Each one of us had twenty four hours a day and the one who can budget and manage his/her time day by day, week by week, month by month, year by year according to his priorities and short term and long term goals will get ahead in life better. One should use the time and even manipulate it and not waste it to achieve one’s short term and long term goals. One must also be patient if the short term and long term goals are not achieved in budgeted time. So long as the time is used and not wasted, one will reach his/her goads in due course.
I hope everyone present here will agree with me the importance of financial management at the personal or family level as well as at the business level. At the business level there are of course financial plans and budgets for the present as well as for the future. One should likewise have financial plans and budgets at personal/family level for the present and future, to spend, save and invest within one’s available means. As you know money is neutral. If you are wise, money will treat you well; and if you are foolish it will not stay with you for long. Like time, one’s hard-earned money should be used and not wasted.
The last thing that I would like to point out to you is the danger of complacency. If you own a business and if you are complacent after a certain level of success, your business will suffer, simply because you fail to keep up with the changes in the market conditions and because of the intense competition one faces nowadays. Likewise at the personal level we should be wary of complacency. We should try not to be complacent by improving ourselves and keeping ourselves busy mentally and physically. Life thrives on activity and activity is the proof of our existence. No one is perfect and there is always something that each of us can improve upon. If we do that, at least we will not be bored, and may achieve some fulfillment in life.
With these remarks I now conclude my speech. May you all be successful and happy in life. May you have a pleasant stay in SF.
After attending the 2nd year engineering class from June 1952 to September 1952, I went straight to MIT on a state scholarship to continue my studies . Saya U Min Wun and I went together to MIT and joined the academic session, starting from September 1952. We met Dr Freddie Ba Hli at MIT, who was already studying for his Ph.D in electronics or electrical engineering. He was one of the nicest and helpful persons that I have ever met in my life. He gave us briefings and guidance so that we were able to assimilate into the American education system and American way of life without any difficulty He also helped us with our home works when we had some difficulties in the beginning. I am forever grateful to him for his kind help. I am sure U Min Wun feels the same. Saya U Khin Aung Kyi, Saya U Sein Hlaing, U Percy Lao, U Win Htein, U Kyaw Min, Robin Aw, U Kyaw Thein, U Aung Kywe, U Aung Myint and U Sein Hla came to MIT for further studies at a later date. U Percy Lao later became Rangoon City Engineer (water and sanitation), U Win Htein who is an architect became a Rangoon City Building Engineer, and the late U Kyaw Min became a free lance architect [and also taught part-time at the Architecture department for some time]. All these three professionals taught some time at RIT. I do not know what happened to Robin Aw. The late U Kyaw Thein was an engineer at the Construction Corporation and later became a lecturer at the Civil Engineering Department at RIT. U Aung Kywe was a Director (water and sanitation) at the Construction Corporation. U Aung Myint became the Chief Architect at the Construction Corporation. U Sein Hla was an engineer at the Construction Corporation and later became the Registrar at RIT under Rector U Yone Moe. Later more batches of Burmese students came to MIT when I was no longer there. I am describing all these things to point out the fact that the standard of engineering education in Burma at that time was quite good. None of us had to go through the entrance examination to get into MIT. They trusted our grades and our education standard. Maybe the visiting Professor Horwood from MIT was quite impressed with the Faculty of Engineering and put a good word for us to the MIT admission authorities.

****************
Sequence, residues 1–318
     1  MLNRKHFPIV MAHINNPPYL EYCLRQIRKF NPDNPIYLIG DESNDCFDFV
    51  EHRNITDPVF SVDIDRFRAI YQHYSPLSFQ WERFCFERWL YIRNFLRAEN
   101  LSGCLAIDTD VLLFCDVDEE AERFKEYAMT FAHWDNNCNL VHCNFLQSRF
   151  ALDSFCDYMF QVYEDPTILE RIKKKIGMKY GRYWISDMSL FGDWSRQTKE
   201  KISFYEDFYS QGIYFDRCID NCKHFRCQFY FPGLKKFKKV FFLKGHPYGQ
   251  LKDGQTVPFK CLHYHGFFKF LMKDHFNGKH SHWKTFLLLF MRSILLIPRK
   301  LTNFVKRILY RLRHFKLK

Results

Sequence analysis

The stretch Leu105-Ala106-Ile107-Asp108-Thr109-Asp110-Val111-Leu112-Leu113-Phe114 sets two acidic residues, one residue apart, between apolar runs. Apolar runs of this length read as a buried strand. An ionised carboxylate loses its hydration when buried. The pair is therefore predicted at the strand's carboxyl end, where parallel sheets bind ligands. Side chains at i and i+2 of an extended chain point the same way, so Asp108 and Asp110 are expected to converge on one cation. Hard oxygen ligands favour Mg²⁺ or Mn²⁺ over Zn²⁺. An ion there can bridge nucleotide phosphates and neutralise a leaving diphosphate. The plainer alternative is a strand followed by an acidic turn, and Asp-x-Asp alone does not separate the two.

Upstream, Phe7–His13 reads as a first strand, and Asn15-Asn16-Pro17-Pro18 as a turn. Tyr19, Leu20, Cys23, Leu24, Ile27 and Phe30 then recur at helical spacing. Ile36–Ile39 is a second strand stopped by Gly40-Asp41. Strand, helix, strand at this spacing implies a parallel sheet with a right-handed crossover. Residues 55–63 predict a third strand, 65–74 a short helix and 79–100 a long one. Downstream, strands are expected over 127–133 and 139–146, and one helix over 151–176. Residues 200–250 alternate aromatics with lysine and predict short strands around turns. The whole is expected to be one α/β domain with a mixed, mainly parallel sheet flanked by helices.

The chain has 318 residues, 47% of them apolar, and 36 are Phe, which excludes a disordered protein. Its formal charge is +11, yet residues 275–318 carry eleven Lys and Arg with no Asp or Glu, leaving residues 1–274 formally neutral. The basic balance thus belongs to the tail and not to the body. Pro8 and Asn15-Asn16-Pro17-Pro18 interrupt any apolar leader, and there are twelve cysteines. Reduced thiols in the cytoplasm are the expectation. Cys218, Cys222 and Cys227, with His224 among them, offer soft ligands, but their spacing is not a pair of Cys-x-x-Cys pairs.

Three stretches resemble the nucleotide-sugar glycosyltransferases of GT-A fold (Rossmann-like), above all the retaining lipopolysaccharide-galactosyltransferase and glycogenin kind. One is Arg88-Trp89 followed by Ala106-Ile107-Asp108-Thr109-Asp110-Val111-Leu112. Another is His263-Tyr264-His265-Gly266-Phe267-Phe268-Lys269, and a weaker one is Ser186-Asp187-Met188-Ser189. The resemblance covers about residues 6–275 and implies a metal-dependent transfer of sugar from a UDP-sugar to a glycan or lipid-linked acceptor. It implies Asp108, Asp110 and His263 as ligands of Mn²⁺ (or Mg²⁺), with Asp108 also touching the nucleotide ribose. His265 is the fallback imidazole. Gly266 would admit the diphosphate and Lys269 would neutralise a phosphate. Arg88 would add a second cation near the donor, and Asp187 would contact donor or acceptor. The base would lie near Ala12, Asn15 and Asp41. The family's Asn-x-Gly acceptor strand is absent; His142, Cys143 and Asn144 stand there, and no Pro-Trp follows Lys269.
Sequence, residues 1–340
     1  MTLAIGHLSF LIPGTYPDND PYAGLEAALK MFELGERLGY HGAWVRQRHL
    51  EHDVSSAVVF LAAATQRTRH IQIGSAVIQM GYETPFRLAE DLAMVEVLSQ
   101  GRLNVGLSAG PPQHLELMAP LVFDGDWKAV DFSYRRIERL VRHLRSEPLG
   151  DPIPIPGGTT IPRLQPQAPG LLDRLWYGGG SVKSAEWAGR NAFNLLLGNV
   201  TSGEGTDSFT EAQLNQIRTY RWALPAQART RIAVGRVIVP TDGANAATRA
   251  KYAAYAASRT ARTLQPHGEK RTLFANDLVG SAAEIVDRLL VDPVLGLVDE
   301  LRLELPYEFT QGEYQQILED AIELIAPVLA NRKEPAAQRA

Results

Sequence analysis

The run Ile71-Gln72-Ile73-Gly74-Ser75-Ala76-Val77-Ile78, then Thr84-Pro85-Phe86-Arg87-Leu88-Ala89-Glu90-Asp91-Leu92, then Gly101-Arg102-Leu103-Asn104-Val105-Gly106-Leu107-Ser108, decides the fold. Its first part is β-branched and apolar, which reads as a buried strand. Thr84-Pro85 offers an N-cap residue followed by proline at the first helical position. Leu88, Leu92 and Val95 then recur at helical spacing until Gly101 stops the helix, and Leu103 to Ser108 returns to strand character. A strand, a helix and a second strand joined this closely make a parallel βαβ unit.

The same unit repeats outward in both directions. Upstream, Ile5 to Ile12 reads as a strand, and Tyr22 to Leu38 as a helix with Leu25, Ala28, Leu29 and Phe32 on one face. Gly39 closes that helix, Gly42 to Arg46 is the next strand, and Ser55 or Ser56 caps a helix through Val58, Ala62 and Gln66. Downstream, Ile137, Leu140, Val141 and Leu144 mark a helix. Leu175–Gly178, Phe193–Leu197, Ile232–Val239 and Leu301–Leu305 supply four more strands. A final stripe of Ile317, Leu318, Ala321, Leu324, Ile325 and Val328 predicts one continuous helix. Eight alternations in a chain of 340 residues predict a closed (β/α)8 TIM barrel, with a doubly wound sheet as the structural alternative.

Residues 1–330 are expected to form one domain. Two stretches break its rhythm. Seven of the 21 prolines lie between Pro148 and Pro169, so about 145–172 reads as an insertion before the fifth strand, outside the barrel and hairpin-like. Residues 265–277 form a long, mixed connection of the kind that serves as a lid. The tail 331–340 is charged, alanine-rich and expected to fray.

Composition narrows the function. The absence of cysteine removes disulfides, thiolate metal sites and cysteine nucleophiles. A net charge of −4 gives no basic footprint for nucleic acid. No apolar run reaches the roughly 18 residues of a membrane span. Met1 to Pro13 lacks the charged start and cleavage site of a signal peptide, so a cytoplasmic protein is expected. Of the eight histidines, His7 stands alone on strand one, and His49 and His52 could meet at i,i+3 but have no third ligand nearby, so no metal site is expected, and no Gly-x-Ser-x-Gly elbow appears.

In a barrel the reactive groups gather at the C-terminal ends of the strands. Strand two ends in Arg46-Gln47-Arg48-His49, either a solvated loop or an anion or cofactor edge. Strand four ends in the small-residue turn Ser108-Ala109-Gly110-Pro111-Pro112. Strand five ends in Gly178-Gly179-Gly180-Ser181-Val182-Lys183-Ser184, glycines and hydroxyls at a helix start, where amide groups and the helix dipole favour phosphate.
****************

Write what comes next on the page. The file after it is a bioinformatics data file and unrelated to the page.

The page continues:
I will not go into details of the activities of all the various students’ associations, societies and clubs, as there were so many of them. But I would like to mention briefly about the hostel life, that I had experienced at that time. Every hostel had what we called a social and reading club . There was an adequate room reserved for this club at the ground floor of the hostel. In general, newspapers, popular magazines, a chess board, a carom board and a table tennis were provided so that the hostel students could read, play chess, play carom board, and play table tennis and socialize to get to know each other well. Even without the social and reading club, all the hostel students ended up knowing each other well sooner or later, as they met each other almost everyday at the hostel and at the dining hall. The hostel students were in general well behaved. I hardly saw the Warden or Hall Tutors at Ava Hall and Prome Hall, as there were very few student problems which needed attention of the Warden or Hall Tutors.